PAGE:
The strange opposition by some to the Sunday Assembly movement

I read through the first couple hundred of the nearly 500 comments on the Guardian website responding to the video of the Cleveland Sunday Assembly, part of the big worldwide rollout of such assemblies around the globe last Sunday that more than doubled the existing number. I was surprised at the number of commenters who were outright hostile to the idea. These were people who said they were nonbelievers themselves but felt this was the wrong thing to do.
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Why it is the Non-religious Who Can, and Must, Save the World

(The text of my talk at the Cleveland Sunday Assembly held two days ago.)

I must say that when I got up this morning and got ready to come here, I felt a strong sense of déjà vu. When I was a young man I was ordained as a lay preacher in the Methodist church in Sri Lanka and many a Sunday would find me dressing up to go to a church in the region to inflict my sermon on some hapless congregation. And now, decades after I became an atheist, here I am doing something that seems surprisingly familiar. Let’s see if I still have my preacher skills though if some people are getting a little worried, you can relax. Even in my heyday I was never a fire-and-brimstone, you’re-going to-hell-and-damnation-if-you-don’t-repent kind of preacher, and so am not going to be that way today either.
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Cleveland Sunday Assembly

Sunday, September 28 is going to see the launch around the world of a large number of so-called ‘atheist churches’ under the umbrella of the Sunday Assembly movement, including Cleveland, Columbus, and Pittsburgh in this region. The first meeting of the Cleveland group will be at 10:30 am at the Old Town Hall in Strongsville located at 18825 Royalton Road and all are invited. Subsequent meetings will take place on the last Sunday of each month at the same location.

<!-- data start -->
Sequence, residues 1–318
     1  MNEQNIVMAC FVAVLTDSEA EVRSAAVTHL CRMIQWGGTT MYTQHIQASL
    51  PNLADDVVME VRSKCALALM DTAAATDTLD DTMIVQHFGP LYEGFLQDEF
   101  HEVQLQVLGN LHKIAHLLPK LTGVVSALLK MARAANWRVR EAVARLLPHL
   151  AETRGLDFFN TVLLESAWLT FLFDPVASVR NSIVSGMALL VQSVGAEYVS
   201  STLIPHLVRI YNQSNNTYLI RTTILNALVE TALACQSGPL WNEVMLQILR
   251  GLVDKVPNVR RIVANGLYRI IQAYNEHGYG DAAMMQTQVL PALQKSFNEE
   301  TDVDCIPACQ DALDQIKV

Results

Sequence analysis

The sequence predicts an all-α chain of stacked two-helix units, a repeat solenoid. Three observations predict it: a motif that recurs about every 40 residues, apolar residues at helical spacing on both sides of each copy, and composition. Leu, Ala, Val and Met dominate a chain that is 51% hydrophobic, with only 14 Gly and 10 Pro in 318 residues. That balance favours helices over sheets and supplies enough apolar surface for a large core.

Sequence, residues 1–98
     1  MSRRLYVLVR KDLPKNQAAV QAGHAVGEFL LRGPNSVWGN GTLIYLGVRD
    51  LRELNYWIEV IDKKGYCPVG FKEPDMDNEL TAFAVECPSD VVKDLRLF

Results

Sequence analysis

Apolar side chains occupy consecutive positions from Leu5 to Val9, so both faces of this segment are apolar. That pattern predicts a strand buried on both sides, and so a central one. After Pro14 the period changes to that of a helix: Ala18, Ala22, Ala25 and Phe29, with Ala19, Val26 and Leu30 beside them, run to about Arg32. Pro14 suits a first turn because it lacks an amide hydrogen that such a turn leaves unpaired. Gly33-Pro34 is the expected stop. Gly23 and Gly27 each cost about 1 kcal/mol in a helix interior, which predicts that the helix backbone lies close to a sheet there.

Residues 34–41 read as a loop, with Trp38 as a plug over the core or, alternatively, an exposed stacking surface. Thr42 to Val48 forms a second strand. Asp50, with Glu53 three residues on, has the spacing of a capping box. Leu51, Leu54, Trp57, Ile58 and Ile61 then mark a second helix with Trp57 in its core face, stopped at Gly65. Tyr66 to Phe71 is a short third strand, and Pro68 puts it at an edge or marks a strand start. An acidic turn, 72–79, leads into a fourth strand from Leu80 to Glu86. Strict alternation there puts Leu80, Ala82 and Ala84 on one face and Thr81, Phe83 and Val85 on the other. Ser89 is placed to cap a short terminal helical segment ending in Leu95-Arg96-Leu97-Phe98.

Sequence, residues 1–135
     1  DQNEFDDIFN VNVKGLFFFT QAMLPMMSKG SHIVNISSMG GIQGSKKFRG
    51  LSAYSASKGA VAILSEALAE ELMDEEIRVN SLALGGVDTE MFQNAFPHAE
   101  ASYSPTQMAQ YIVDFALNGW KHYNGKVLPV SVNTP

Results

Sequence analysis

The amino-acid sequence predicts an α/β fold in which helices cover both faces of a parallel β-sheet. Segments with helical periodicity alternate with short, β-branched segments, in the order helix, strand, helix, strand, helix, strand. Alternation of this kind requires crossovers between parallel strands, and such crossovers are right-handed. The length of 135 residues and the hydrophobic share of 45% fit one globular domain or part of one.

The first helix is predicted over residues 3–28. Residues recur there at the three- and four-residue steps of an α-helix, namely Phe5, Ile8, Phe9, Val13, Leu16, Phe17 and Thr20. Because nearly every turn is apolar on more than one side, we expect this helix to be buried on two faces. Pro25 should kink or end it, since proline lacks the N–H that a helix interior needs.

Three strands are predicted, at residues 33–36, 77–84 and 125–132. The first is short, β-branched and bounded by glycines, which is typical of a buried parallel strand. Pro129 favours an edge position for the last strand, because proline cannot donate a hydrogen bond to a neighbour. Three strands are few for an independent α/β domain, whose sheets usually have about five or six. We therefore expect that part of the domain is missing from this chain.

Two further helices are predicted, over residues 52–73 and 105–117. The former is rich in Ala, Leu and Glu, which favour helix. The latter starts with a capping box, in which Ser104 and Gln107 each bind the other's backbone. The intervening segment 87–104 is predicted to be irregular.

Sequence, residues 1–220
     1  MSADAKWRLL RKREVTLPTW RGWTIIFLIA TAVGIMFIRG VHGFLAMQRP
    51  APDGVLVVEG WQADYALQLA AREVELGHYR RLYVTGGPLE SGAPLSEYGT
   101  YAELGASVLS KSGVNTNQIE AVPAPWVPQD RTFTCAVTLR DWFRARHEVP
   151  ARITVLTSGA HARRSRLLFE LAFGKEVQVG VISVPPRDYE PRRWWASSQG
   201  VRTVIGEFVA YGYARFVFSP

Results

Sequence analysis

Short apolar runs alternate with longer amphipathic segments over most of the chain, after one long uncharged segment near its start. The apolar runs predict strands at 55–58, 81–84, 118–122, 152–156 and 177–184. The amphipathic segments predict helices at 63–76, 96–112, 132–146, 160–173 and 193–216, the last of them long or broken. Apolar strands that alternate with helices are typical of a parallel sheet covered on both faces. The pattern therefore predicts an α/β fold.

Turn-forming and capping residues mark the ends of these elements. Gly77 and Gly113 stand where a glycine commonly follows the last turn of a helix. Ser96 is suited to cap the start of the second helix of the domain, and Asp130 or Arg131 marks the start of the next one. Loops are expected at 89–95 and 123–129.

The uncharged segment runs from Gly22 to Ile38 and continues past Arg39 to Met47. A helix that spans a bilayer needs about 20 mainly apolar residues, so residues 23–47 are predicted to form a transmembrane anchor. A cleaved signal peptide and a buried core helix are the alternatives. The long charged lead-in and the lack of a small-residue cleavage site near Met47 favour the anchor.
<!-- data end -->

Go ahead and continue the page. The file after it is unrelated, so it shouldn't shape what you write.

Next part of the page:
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Facing death-8: Being remembered forever

I have discussed that some have a strong desire to want to live on in some capacity forever, and thus yield to the temptation to believe in an immortal soul that exists in an afterlife in heaven or is reincarnated in some way. But others who may not believe that may still seek to find ways to make their names live on even after they have died, to be at least remembered forever.
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Facing death-7: The problem of prolonged death

Part of the aversion to thinking about death may not be the actual fact of dying but unease about the way we might die. In many ways we are fortunate that we live in a time when medical advances have enabled us to have much greater life expectancies than our ancestors. While much of this improvement has arisen because of reduced infant mortality, some has been because of our ability to combat many illnesses that once used to be quickly fatal. Because of the possibility of rapid response and treatment, many of the quick ways of dying such as due to heart attacks and strokes have been eliminated. But that improvement is not without its costs. We now see many more people having long and lingering deaths, the body and mind gradually losing functionality in ways that cannot be fixed, like an old car in which one part after another starts breaking down and one starts to wonder how much more one should invest in keeping it going.
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